by Piotr Michalowski
The piano trio with bass and drums is one of the classic jazz combos that developed during the bebop period. Earlier pianists often played alone or with a drummer. Later, Nat King Cole popularized the piano-bass-guitar combination; among his followers we find Ray Charles and Oscar Peterson. But from the 1950s on, pianists have gravitated toward drums and bass. Sometimes these were pickup affairs, but some, most prominently Ahmad Jamal, Peterson, and then Bill Evans, have chosen this type of trio for their work. The challenge has been to make it more than just a piano with accompaniment to create a unique trio voice. In the late 1950s Evans, in tandem with some remarkable bass players, created the ideal modern jazz piano group, influential as much for his general musical conception as for his instrumental style. Among the latter-day descendants of Evans we must count Lynne Arriale.
Arriale came to jazz late. She started her career as a classical pianist, but after graduating from the Wisconsin Conservatory of Music she turned her attention to improvised music and quickly made her mark, winning a prestigious jazz piano competition and touring in Japan with some of the finest keyboard artists in the music. In 1993 she released her first trio recording, and a decade and seven more albums later, she has established herself as one of the top mainstream pianists in jazz.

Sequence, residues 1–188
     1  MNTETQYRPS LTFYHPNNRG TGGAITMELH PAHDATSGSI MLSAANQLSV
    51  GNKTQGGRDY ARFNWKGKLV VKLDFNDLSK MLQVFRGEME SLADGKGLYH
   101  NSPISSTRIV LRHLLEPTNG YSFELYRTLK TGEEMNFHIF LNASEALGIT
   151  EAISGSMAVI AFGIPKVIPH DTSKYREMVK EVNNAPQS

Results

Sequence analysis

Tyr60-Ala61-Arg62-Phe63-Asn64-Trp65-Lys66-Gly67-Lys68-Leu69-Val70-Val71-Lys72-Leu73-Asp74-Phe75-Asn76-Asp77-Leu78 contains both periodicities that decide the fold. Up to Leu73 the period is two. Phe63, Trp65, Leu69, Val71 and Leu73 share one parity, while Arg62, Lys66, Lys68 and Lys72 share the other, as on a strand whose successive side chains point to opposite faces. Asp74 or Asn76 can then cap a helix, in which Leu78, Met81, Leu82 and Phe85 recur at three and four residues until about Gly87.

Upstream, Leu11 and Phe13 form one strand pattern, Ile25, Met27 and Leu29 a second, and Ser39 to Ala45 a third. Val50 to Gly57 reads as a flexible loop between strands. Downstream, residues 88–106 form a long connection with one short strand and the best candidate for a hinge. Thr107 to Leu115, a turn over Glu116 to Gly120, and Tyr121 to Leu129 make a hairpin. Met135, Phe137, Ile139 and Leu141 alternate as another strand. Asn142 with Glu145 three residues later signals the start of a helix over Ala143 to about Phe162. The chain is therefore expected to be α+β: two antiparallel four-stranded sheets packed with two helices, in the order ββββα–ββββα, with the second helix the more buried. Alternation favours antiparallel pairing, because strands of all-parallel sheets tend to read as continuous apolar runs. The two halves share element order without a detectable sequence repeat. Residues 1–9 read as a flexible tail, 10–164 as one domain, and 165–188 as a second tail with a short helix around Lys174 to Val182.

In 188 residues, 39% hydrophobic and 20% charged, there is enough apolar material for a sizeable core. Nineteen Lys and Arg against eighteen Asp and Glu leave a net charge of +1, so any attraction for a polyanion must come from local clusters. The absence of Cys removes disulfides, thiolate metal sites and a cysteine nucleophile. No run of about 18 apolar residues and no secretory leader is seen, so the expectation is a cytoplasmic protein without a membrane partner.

Arriale's inspirations are fairly clear: she is a firm disciple of Bill Evans and of pianists he inspired, such as Keith Jarrett and Chick Corea. From Evans she took a lyrical yet rhythmically muscular approach to melody, but also an interactive conceptualization of the jazz piano trio. Although she stays firmly in command, she works interactively with her fellow musicians in a manner that allows the music to breathe in between the instruments. Over the years she has used a number of fine bass players, but Steve David has consistently been her drummer.
He is a dazzling percussionist, equally at home keeping straight time with his brushes and roaring through complex multiple rhythms with sticks, but he never overwhelms the other instruments.
This trio is firmly founded in the mainstream modern jazz tradition, but Arriale likes to reshape familiar tunes in a personal manner. She will take a Thelonious Monk composition like "Evidence" and slow it down, so that it reveals new qualities and a novel melodic pace. Just as often, she will play her own songs, and her compositional skills have obviously developed over the years, as is documented on her eight albums. She has been to Ann Arbor before and has developed a local following. She returns on Thursday, May 13, to help the Firefly Club celebrate its fourth birthday.
[Originally published in May, 2004.]